Is an apology in order?

Spoke with my son’s counselor the other night.  She indicated that he still feels like I have never apologized to him.  I actually have — numerous times — both in person and via email.  But the fact remains that he doesn’t feel like I have.  It is very very hard to apologize to someone who rarely talks to you — and even when he does, it’s not civil, there’s no respect and he is more than willing to accuse, blame and insult me at every opportunity.  It’s not his fault, it’s how his mom has trained him to act toward his father, ever since he was little.  His mom’s favorite show was “Home Improvement” and “Everybody Loves Raymond,” I think mostly because they painted the father as a complete idiot and the wife as the most rational person in the room.  The three of them used to watch those shows constantly, laughing hysterically at the stupidity of Ray Romano and Tim Allen.  I think it’s the main reason I love watching shows like “Last Man Standing” now.  Sure Tim Allen is goofy at times in it and he can be ridiculous, but he’s also wise, respected, valued and important to his family.  I think Tim noticed the problem with Home Improvement and worked really hard to improve it and do the show he wanted to the second time around.  I love that.


After hearing that my son was still needing an apology, I wrote him this letter via email.  I have a program called “sidekick” that allows me to track if he has opened my emails or not and he has read it at least three different times.  I think that bodes well for him feeling like it moved him a bit.  Either that or he’s showing his mom and his “new father” as he calls her boyfriend…  But I’m going to think positive about it.  Here’s the letter — maybe it can help some of you craft something similar for your kids?

Dear Son —

You probably should read this after school and in a quiet place by yourself.

Just thought I’d write you a bit about how I’m feeling of late.  I just want to say I’m continually in a state of sorrow because we don’t have the relationship we once had.  I always imagined that the older you got, the closer we’d get and the more you’d come to me for advice and input into your life – whether that was about a job or problems at school or with women, or just feelings you had that you didn’t know what to do with.  I don’t think there’s anyone that knows you as a whole man and gets you like your dad does.  I know I feel that with my dad quite frequently.  He always amazes me with his wisdom about who I am and what I really need — not necessarily what I think I need, but what I really need.
I dreamed of being that type of dad for you very early on in your life and worked hard to be there for you through all your sports and school and conflicts and anything you dealt with as you were growing up.
I am so sorry that I was unable to continue developing that type of  relationship with you after your mom and I separated.  I know I didn’t handle things the way I should have much of the time during that process.  I never ever expected I would get divorced and really had no plan or idea of how to manage that so I did fumble a lot of the early steps in the process and I think that wounded you deeply.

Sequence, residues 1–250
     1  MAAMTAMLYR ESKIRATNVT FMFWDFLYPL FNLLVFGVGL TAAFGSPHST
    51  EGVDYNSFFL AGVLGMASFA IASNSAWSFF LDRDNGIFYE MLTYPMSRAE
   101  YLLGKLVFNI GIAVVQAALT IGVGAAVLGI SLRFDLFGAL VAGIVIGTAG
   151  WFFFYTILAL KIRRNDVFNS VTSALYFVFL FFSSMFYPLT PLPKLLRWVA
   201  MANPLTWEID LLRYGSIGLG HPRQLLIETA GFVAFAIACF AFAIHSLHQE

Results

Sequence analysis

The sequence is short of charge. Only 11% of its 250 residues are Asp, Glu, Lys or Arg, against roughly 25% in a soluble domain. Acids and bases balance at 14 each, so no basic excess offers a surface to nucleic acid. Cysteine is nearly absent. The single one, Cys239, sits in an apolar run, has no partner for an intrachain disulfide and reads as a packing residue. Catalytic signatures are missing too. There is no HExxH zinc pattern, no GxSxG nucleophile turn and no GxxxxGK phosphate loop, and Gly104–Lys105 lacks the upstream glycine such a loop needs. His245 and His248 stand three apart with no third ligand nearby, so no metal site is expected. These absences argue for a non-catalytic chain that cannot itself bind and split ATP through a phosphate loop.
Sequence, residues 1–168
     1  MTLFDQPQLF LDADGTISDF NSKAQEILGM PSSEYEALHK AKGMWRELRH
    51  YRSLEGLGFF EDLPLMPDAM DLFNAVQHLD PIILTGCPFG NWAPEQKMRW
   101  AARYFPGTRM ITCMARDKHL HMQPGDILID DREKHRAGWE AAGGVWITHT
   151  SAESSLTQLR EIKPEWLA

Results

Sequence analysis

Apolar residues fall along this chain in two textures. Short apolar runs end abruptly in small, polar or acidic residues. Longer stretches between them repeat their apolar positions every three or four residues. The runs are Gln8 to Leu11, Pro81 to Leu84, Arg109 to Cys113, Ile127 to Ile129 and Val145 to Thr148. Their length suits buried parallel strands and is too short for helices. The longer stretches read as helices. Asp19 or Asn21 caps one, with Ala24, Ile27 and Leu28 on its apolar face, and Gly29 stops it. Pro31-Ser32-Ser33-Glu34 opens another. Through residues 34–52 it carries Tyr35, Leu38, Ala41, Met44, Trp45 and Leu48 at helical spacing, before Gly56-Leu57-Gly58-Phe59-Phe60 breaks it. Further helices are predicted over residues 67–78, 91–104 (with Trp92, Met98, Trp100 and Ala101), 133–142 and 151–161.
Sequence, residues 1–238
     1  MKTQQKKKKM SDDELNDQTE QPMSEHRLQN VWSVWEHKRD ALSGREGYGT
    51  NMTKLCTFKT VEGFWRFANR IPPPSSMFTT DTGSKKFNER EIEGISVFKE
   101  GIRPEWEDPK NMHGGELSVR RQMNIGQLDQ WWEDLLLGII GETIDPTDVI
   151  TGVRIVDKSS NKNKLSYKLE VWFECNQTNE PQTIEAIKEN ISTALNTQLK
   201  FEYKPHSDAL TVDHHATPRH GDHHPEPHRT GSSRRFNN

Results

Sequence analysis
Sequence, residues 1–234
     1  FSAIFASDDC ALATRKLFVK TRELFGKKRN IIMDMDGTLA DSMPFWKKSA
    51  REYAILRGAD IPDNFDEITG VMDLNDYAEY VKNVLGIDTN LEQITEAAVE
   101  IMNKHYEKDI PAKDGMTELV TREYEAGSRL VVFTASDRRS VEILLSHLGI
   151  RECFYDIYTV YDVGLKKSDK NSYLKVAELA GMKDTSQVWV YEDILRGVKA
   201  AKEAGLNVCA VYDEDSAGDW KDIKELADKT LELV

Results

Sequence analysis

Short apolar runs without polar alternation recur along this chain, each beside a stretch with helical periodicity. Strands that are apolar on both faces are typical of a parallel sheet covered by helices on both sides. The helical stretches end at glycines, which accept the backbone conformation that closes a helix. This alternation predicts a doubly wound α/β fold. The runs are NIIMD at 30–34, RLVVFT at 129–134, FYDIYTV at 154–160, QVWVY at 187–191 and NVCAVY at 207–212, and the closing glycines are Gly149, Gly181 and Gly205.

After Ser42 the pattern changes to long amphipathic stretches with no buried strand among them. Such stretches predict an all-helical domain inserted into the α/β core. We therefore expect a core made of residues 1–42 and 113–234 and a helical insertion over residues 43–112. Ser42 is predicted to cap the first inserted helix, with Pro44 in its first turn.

I have tried to reach out to you regularly to let you know that I’m here, I’m not going anywhere and I will always want to be in your life at some level.  I realize that you have a surrogate dad situation with your mom’s boyfriend and I think that’s great and you need strong male role models in your life, but I also know that no matter how many of those you have, everyone still wants their dad to love them and accept them and be proud of them.   I want to be that for you, Joshua.
I hope that through your counseling sessions and your discussions with role models in your life that you will come to a place where you can realize that your Dad is a flawed human being.  He makes mistakes. Just like you do.  Just like every human does.  That doesn’t mean he has to be out of your life.  It just means he needs forgiveness and grace like you do.
I pray for you constantly.  As do your grandparents and Uncles and Aunts and many of my friends.
I look forward to the day when we can have some kind of relationship again.  I hope there is room in your heart to forgive me for the things that I have done to wrong you at some point.  I miss you.  I love you.

One thought on “Is an apology in order?

  1. Powerful and respectful. May I suggest a good read for you? “Letters From Dad” by Greg Vaughn. A great, thought provoking and applicable read. I appreciate your heart here in this post. Divorce is not easy, in fact it is pure hell for most. Pariental Alienation is Child Abuse. It should be a penalizing crime. I, unfortunately know if first hand. Payers to you. Kepp Writing, Fight The Good Fight, and Keep On Keeping On!

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